Different Voltages of The Motor Speed Controller

Motor speed controllers are available in different voltage options, including 12V, 24V, and 90V. While all three have many similarities, there are also apparent differences. Overall, all three design features are almost the same way. The main difference is that a 12V motor controller usually draws twice the current than a 24V motor draws. A 90V motor controller, in turn, removes the least amount of current from its volt supply. For any given mechanical load, there’s a similar power supply for the three. When choosing between the three, the company representative should be able to supply more specific details, so it’s easier for you to make the right decision.

In many cases, the price of motor speed controllers doesn’t differ significantly, despite their voltage differences. It is especially the case when you’re buying the motor controller for the same application.

The motors differ in wiring, though. The wires for a 24V motor controller are typically smaller than those of a 12V motor controller. Despite their size, smaller wires can deliver power efficiently.

Motor Starters

Motor starters are currently among the top inventions for motor control. Starters are electrical devices that control the electrical power required to start a motor. The tools also help stop, reverse, and protect electric motors.

Generally, a start consists of two major components:

•  Contactor

The contactor controls the current going into the motor. This component can either make or break power into the electric circuit.

•  Overload Relay

When the motor draws too much electric current and overheats, it can burn out. The function of an overload relay is to ensure this doesn’t happen.

9.1 Types of Motor Starters?

Generally, there are two types of motor starts. These are:

•  Manual Starters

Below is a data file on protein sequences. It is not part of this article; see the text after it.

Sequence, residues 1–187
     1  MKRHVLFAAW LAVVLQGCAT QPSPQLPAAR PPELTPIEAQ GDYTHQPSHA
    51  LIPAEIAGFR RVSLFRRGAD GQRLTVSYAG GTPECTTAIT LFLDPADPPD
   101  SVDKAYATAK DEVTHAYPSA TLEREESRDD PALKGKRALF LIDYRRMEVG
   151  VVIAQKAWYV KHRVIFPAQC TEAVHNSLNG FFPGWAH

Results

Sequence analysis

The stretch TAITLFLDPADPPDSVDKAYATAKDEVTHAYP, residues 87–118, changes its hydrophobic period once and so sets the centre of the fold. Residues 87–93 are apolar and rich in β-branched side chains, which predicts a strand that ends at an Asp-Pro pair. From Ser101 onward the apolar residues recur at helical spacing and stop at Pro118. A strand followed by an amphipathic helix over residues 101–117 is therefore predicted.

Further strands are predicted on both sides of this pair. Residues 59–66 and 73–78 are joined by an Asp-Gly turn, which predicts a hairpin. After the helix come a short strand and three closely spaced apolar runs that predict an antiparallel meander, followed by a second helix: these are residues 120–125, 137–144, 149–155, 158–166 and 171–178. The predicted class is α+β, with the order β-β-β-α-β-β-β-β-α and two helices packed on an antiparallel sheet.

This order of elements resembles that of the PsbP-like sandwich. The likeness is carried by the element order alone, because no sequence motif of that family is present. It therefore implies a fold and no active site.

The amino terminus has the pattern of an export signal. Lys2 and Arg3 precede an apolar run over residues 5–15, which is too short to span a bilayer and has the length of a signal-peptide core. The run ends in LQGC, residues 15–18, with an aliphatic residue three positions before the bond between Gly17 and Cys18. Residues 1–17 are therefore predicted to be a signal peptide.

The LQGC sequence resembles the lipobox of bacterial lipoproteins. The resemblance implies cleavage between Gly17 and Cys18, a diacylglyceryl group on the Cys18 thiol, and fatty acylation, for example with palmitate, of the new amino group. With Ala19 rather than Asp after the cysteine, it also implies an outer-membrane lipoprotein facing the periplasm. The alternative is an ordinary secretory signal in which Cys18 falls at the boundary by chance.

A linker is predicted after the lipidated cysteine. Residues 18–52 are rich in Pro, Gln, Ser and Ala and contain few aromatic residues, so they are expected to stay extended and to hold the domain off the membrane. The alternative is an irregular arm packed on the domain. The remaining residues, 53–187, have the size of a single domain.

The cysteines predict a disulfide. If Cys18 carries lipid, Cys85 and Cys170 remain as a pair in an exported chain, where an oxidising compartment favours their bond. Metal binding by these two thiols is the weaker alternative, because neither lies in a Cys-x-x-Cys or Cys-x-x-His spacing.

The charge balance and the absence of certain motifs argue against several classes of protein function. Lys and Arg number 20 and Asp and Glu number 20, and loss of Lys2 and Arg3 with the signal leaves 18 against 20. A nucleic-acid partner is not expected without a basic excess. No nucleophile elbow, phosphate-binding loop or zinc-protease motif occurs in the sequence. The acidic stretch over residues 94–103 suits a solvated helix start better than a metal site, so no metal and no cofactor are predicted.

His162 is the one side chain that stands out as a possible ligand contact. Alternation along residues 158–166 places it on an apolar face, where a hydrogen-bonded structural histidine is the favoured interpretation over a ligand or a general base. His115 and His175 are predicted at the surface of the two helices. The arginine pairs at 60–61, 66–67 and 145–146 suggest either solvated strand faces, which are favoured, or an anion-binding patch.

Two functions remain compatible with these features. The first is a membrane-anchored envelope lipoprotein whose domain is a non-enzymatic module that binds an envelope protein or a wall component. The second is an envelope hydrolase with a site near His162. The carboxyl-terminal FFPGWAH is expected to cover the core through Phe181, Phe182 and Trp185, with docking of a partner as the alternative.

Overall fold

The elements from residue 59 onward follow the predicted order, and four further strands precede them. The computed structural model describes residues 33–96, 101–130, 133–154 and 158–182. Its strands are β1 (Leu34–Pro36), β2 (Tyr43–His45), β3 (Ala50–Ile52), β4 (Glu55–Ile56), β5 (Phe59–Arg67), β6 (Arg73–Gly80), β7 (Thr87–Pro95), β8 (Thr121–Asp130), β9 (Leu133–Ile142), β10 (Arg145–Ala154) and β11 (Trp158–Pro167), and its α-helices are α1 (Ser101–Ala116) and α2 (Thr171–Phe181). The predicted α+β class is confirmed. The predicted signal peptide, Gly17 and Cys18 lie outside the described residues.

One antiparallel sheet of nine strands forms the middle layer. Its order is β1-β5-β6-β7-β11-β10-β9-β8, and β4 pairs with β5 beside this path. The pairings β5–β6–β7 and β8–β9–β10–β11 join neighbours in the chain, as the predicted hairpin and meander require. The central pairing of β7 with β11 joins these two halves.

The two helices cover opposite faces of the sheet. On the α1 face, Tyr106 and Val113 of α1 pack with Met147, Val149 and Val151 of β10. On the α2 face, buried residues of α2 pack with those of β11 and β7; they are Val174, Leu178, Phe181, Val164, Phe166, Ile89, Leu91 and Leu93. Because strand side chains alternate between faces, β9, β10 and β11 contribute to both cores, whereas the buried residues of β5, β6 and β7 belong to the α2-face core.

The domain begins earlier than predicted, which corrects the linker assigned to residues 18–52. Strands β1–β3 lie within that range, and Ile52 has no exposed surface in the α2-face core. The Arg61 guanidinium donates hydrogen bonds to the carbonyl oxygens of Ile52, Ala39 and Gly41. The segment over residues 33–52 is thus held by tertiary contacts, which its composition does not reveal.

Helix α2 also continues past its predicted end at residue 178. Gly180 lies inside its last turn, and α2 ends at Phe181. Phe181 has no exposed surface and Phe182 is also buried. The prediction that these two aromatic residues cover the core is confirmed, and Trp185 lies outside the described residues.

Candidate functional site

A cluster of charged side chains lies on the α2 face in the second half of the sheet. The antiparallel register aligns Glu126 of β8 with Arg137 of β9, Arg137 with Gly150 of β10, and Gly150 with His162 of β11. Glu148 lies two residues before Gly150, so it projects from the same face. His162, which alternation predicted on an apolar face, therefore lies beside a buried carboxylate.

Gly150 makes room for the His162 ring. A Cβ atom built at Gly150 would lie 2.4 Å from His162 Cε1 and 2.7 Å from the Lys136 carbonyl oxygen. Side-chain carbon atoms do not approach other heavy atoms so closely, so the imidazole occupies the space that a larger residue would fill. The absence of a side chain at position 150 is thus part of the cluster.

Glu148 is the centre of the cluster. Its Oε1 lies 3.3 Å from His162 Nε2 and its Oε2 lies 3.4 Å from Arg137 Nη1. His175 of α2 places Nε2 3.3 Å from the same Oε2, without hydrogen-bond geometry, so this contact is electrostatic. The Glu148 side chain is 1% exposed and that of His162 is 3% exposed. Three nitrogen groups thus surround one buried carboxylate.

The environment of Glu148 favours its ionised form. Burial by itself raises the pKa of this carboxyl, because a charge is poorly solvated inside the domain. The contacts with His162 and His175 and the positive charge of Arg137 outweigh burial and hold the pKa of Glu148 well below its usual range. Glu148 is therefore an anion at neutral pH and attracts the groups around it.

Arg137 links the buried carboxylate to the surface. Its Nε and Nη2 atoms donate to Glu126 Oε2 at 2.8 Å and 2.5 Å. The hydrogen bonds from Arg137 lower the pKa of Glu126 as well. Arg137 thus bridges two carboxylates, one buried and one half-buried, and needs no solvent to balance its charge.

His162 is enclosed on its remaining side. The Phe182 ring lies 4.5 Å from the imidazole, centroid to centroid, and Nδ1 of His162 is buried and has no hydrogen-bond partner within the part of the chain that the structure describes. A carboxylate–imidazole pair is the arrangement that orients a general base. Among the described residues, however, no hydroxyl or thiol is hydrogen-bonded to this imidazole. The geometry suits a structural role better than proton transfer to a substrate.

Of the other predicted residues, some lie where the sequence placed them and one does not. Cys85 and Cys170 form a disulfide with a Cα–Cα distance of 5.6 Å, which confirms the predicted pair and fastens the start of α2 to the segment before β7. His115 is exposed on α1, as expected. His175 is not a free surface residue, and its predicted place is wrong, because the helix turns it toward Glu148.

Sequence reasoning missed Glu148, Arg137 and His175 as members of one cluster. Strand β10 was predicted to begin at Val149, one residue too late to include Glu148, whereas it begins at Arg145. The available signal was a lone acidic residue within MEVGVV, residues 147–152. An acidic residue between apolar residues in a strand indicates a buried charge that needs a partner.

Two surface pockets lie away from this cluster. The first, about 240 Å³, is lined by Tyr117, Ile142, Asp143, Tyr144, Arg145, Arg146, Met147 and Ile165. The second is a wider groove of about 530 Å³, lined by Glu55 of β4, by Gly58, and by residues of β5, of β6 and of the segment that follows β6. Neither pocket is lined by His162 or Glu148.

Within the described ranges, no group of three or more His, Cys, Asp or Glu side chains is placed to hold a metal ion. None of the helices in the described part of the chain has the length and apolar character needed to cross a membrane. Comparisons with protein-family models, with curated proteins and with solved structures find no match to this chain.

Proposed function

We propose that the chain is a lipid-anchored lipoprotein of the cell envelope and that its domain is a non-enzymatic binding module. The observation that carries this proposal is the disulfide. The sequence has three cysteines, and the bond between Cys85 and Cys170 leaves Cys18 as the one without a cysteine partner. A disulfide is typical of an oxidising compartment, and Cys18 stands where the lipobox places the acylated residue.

Just like the name suggests, manual starters are devices that require manual operation. The starters are considerably easy to operate and usually don’t need expert intervention. The device itself has a button that you use when turning equipment on and off. Some of the features that make manual starters desirable over other types of starters include:

Safe and economical to operate.

They are compact enough to allow a wide variety of applications.

Offer overload low. Detection for the motor, so it’s safe from damage.

Their initial cost is low.significant

They come with an endless choice of enclosures.

•  Magnetic Motor Starters

Magnetic motor starters require electromagnetic control. Usually, the motor starter requires a lower, safer voltage to start compared to the motor voltage. Magnetic motor starters have electrical contactors and overload relays to keep them from excessive current and overheating.

More About Motor Controllers

As you have seen from what we’ve covered in the previous sections, motor controllers’ subject is vast. Here are a few more things that may interest you.

10.1 Arduino Motor Controller

 Arduino motor controllers allow you to drive stepper DC, stepper motors, solenoids, and relays. The motor controllers are dual full-bridge drivers that drive inductive motors. With an Arduino board, you can drive two DC motors and control each direction and speed. This motor controller also allows you to measure the current absorption of individual engines, among other things.

An Arduino motor controller drives inductive motors.jpg

10.2 Sabertooth Motor Controller

Sabertooth motor controllers are among the most versatile and efficient dual motor drivers available. These motor controllers work well with high powered equipment, for instance, robots weighing up to 300lbs. With Sabertooth motor controllers, one can achieve peak currents as high as 50A per channel within a few seconds. These motor controllers feature thermal and overcurrent protection, meaning you don’t need to worry about accidental stalls that could kill the driver.

10.3 Spark Motor Controller

The Spark motor controller is one of the most affordable brushed DC motor frequency controllers out there. This controller features a continuous current of 60A and has passive cooling. Other impressive features include bi-directional limit switches that allow smart control and LED status indicators. These features and others make these motor controllers some of the most popular in the market.

10.4 Vex Motor Controller

One of Vex motor controllers’ distinguishing features is using standard PWM signals to drive the wire motor. When using these motor controllers, it’s best to make sure you use only one 3-wire extension cable between the microcontroller and the motor controller. U Controllers’ distinguishing features may need longer extensions; however, you may use 2-wire extensions cables between the controller and the motor.

10.5 Talon Motor Controller

Talon motor controllers feature integrated PID control as well as impressive communication protocols. What makes these controllers so desirable is how compact and lightweight they are.